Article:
Mahelona: The biggest benefit is you know your equipment works like it’s supposed to, and you know that you can perform the mission going into the basic training phase. Part of the goal for a SOT is to find and fix discrepancies. Most of the discrepancies that are found are minor configuration issues that can be quickly addressed.
Occasionally, we run across bigger issues such as incompatibilities between systems that require immediate attention. SOTs bring a higher level of visibility to the process and to those issues to get the problems elevated to the appropriate program offices and leadership for quick resolution.
Secondarily, the ship’s crew obtains additional benefits in the form of training on how to use the new equipment. During these availabilities, the ships are often receiving a full suite of brand new systems and software upgrades. In many cases, the training curriculum in the school houses has not yet caught up with these new systems as they are being rolled out. In fact, the enhanced training on the end-to-end C5I systems is also not captured in school house training. Our SMEs provide over-the-shoulder training and impart best practices to these Sailors.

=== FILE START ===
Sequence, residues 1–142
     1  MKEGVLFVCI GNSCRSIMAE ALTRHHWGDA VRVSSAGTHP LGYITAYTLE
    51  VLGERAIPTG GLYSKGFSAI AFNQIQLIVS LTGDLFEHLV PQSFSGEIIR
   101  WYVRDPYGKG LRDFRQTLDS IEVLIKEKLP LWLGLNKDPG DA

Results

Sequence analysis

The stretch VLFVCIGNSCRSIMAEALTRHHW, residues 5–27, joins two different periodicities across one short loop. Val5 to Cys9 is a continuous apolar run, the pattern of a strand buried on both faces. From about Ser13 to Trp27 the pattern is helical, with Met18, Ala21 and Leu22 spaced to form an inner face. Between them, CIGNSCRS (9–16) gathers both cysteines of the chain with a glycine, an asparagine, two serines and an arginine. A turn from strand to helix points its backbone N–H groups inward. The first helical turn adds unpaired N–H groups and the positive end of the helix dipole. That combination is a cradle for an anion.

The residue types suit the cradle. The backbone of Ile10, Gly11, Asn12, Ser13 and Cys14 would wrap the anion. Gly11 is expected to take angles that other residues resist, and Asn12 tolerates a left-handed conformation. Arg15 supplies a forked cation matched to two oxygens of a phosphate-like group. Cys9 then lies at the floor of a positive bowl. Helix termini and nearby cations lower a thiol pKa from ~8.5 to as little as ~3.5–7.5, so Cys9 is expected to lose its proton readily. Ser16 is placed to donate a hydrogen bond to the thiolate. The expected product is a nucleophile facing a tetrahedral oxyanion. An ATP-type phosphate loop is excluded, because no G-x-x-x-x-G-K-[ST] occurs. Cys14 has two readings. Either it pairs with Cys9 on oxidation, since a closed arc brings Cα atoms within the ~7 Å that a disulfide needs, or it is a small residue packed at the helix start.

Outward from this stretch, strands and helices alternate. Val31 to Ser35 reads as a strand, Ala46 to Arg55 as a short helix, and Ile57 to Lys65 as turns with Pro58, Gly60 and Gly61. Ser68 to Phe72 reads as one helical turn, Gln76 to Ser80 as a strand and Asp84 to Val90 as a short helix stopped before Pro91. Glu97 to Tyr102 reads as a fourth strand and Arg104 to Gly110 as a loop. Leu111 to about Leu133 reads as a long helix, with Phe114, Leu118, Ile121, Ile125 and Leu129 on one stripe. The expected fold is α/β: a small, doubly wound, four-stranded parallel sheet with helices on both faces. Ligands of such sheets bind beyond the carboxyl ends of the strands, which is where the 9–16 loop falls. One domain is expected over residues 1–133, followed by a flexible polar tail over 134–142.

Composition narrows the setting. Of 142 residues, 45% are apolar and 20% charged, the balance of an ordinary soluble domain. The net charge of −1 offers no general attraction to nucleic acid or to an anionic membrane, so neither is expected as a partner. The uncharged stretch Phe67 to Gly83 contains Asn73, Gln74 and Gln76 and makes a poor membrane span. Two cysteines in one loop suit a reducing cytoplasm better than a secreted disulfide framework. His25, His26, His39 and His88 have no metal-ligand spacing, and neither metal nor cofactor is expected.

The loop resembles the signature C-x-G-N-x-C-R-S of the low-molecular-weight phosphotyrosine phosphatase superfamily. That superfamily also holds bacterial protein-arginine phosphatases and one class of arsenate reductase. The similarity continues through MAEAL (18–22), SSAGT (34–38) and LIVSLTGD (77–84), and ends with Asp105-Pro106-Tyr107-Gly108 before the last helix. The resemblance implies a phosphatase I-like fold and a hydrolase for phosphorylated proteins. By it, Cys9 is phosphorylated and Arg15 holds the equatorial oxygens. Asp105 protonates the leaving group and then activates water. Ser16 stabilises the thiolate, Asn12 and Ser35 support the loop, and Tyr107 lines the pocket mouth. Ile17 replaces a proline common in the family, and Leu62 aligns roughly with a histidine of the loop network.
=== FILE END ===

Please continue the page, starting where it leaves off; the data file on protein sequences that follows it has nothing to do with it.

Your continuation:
The SOTs help to validate the C5I operations after an avail[ability], and when performed in conjunction with the additional training provided from a “systems of systems” aspect, contribute tremendously to increased C4I readiness. Meanwhile, the Sailors also have the opportunity to use the equipment in a live environment instead of in a lab setting, and they become more intimately familiar with their own equipment from the start. As an example, we recently conducted a SOT for USS John C. Stennis, and the team provided over 1,500 man-hours of training to ship’s force.
Other benefits also include providing assistance with aligning resources and test partners. Some of our test partners also benefited in proficiency and equipment readiness due to our SMEs being onboard to assist them with initial setup as well as troubleshooting.
The SOT builds confidence in equipment and people from a commander’s perspective. It is also a morale booster for ship’s crew in knowing that they have been given the latest training and innovative tools to do the job. Recently, I’ve had various representatives from PEO IWS (Integrated Warfare Systems) and (Missile Defense Agency) MDA express to me that, “we’ve been waiting for something like this for a long time.” So I’m confident we’re on the right track.